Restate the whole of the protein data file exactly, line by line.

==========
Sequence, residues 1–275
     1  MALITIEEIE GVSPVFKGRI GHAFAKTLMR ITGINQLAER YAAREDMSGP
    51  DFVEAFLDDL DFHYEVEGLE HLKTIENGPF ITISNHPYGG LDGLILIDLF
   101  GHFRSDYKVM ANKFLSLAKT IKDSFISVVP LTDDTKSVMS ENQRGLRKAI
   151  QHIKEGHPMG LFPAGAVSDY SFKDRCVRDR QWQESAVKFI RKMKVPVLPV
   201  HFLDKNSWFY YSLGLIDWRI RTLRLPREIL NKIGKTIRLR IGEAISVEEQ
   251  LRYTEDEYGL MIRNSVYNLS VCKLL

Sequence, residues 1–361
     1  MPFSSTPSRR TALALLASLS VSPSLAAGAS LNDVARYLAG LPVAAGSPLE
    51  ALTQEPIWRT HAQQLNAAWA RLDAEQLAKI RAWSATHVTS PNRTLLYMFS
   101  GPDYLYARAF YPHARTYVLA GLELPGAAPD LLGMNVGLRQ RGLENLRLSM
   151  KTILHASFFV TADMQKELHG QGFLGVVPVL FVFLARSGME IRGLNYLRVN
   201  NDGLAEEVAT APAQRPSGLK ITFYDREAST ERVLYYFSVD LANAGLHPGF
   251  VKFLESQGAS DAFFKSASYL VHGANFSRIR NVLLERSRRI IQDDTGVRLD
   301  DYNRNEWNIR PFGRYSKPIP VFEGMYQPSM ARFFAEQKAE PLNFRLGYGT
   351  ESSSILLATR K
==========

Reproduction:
Sequence, residues 1–275
     1  MALITIEEIE GVSPVFKGRI GHAFAKTLMR ITGINQLAER YAAREDMSGP
    51  DFVEAFLDDL DFHYEVEGLE HLKTIENGPF ITISNHPYGG LDGLILIDLF
   101  GHFRSDYKVM ANKFLSLAKT IKDSFISVVP LTDDTKSVMS ENQRGLRKAI
   151  QHIKEGHPMG LFPAGAVSDY SFKDRCVRDR QWQESAVKFI RKMKVPVLPV
   201  HFLDKNSWFY YSLGLIDWRI RTLRLPREIL NKIGKTIRLR IGEAISVEEQ
   251  LRYTEDEYGL MIRNSVYNLS VCKLL

Sequence, residues 1–361
     1  MPFSSTPSRR TALALLASLS VSPSLAAGAS LNDVARYLAG LPVAAGSPLE
    51  ALTQEPIWRT HAQQLNAAWA RLDAEQLAKI RAWSATHVTS PNRTLLYMFS
   101  GPDYLYARAF YPHARTYVLA GLELPGAAPD LLGMNVGLRQ RGLENLRLSM
   151  KTILHASFFV TADMQKELHG QGFLGVVPVL FVFLARSGME IRGLNYLRVN
   201  NDGLAEEVAT APAQRPSGLK ITFYDREAST ERVLYYFSVD LANAGLHPGF
   251  VKFLESQGAS DAFFKSASYL VHGANFSRIR NVLLERSRRI IQDDTGVRLD
   301  DYNRNEWNIR PFGRYSKPIP VFEGMYQPSM ARFFAEQKAE PLNFRLGYGT
   351  ESSSILLATR K